CRIMINALLY exploited children are among more than 80 suspected victims of modern slavery identified in Cumbria in just over five years, we can reveal.

Stark new statistics suggest Cumbria is on track to record its highest ever number of slavery victims – and the cost of living crisis means more could be in danger of falling prey to exploiters.

During the first three months of the year, eight ‘modern slaves’ identified in the Cumbria Constabulary force area were referred to the Home Office for support.

That is nearly half the number recorded during the entirety of 2021, when 17 victims were found.

The 25 identified since the beginning of 2021 include five British children and one British man suspected of being criminally exploited.

Most – including three Albanian men, three Vietnamese men and a British man – were linked to labour related exploitation.

They are among 84 suspected modern slavery victims to have been flagged to the Government’s National Referral Mechanism Scheme since 2017.

CASE STUDY: A case of modern slavery which happened in plain sight here in Cumbria

Nationally, 3,777 people were referred to the NRM in the first quarter of this year – the highest number of referrals since the scheme began in 2009.

We understand that the scale of the problem is likely to be worse because the figures do not reflect suspected victims who do not become involved with the scheme.

'It can happen anywhere - even in Cumbria'

Cumbria Constabulary’s chief inspector Andrew Donnelly – the force’s lead for modern slavery – said the figures are proof modern slavery can happen anywhere, even in Cumbria.

He said: “People may in the past have thought cases such as these don’t happen somewhere like Cumbria – but we have real examples which demonstrate this is an issue for this county as well as the rest of the UK.”

In July last year, Carlisle man Sitar Ali was jailed alongside Nottingham man Defrim Paci over the exploitation of foreign car wash workers.

They were involved in a criminal enterprise involving the trafficking of Romanian people who were exploited through forced labour at Carlisle’s Shiny car wash on Warwick Road.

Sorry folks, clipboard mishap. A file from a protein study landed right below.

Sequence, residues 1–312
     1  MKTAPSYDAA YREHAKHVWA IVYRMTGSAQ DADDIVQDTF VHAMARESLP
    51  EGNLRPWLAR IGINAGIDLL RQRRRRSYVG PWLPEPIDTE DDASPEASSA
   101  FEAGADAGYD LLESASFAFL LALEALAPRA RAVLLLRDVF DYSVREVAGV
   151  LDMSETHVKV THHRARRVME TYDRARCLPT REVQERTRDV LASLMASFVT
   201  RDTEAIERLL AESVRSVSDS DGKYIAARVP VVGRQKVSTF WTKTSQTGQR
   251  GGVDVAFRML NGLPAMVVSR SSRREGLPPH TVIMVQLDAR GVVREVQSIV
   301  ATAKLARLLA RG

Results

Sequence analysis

CASE STUDY: A case of modern slavery which happened in plain sight here in Cumbria

Their victims had been tempted to the UK with promises of work and a £30 a day wage – but once they arrived, they saw their wages regularly docked and their ID taken.

Some were left with £20 after working 11 hours a day, six days a week.

Following an investigation by Cumbria Constabulary officers, the pair were found guilty of modern slavery offences, with Ali sentenced to more than three years behind bars.

News and Star: CASE: Peter Swailes Junior of Carlisle, whose father kept a man in his shedCASE: Peter Swailes Junior of Carlisle, whose father kept a man in his shed

And earlier this year, Carlisle man Peter Swailes was given a suspended sentence over his part in the exploitation of a man kept in a shed for 40 years and paid £10 a day for exhausting labour.

'The cost-of-living crisis may make things worse'

Justine Currell, director of Unseen UK, said a rise in victims partly reflects improved awareness of the signs of slavery and improved efforts from authorities tackling the issue.

But she warned that the cost of living crisis is likely to make more people vulnerable to exploitative predators.

Ms Currell said: “More people will be struggling to have enough money to feed their families and to heat their homes.

“In areas where there are already high levels of deprivation and unemployment, that is going to contribute to more people becoming vulnerable and at risk of exploitation.”

Urging people to report signs of modern slavery, she added: “Sometimes people expect to see someone in shackles walking down the street.

“But it does not happen like that, sometimes you will just get a gut feeling and I’d like to see more people have the confidence to report that and let us take action from there.”

Any concerns can be reported to police on non-emergency number 101 or 999 in an emergency.

Support is available from the Modern Slavery and Exploitation Helpline on 08000 121 700.